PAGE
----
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Let $y,z$ be two functions such that $y=zf(y)$ where $f$ is a power series with respect to $y$. Then we can write any $g(y)$ as a power series of $z$ such that

$g(y)=\sum_{k=1}^{\infty} \frac{1}{k!}\bigg( \big(f(y)^kg^{'}(y)\big)^{(k-1)}\bigg|_{y=0}\bigg)z^k$.

(Here, $^{(k-1)}$, $k-1$-th derivative and $g$ is a function which all derivative exist.)

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  • $\begingroup$ Hello - would you explain why this statement matters and whether it is true or false? $\endgroup$ Mar 13, 2015 at 15:16
  • $\begingroup$ Hi, it is true. For any one who interest: Edouard Goursat, A course in mathematical analysis,1904. Can check section 9, pg.189. $\endgroup$
    – vudu vucu
    Mar 13, 2015 at 15:19
  • $\begingroup$ Thank you. Now why should one be interested in this? $\endgroup$ Mar 13, 2015 at 15:21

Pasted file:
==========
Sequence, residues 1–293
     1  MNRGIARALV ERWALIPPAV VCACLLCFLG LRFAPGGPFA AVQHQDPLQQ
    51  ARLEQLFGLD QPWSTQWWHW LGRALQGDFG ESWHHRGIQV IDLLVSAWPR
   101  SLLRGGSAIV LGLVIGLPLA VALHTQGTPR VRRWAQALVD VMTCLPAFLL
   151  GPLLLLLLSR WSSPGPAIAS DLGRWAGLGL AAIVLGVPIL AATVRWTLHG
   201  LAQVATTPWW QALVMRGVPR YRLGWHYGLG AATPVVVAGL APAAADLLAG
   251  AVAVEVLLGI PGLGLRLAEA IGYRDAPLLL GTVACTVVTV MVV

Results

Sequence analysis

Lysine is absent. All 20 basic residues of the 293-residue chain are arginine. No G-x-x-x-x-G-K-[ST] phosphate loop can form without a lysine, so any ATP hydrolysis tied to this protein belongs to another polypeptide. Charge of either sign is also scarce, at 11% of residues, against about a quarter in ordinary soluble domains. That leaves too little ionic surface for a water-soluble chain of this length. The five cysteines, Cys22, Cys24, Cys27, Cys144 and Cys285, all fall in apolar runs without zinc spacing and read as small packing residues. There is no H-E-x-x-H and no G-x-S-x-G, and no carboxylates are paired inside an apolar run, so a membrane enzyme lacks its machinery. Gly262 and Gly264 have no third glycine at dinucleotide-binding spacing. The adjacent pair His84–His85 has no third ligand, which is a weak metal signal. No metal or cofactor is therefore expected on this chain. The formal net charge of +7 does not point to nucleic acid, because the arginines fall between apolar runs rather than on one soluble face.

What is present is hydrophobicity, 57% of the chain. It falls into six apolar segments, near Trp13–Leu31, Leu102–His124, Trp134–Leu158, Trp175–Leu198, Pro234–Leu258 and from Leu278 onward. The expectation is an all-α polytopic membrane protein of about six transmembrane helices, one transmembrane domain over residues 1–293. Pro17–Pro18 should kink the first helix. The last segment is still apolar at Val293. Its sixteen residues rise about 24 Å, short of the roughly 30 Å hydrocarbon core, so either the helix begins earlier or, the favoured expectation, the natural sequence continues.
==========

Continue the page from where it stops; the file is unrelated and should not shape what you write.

• $\begingroup$ We can calculate $p-$adic behavior of some function with using this function. This allows us to know it for some nice functions. I used it to calculate but it was complicated in the book I wrote. But the answer shows it is not complicated. $\endgroup$
    – vudu vucu
    Mar 13, 2015 at 15:32

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Seems related to Lagrange Burmann series:

http://mathworld.wolfram.com/LagrangeInversionTheorem.html

http://en.wikipedia.org/wiki/Lagrange_inversion_theorem

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  • $\begingroup$ Thanks for related webpages. $\endgroup$
    – vudu vucu
    Mar 13, 2015 at 15:22

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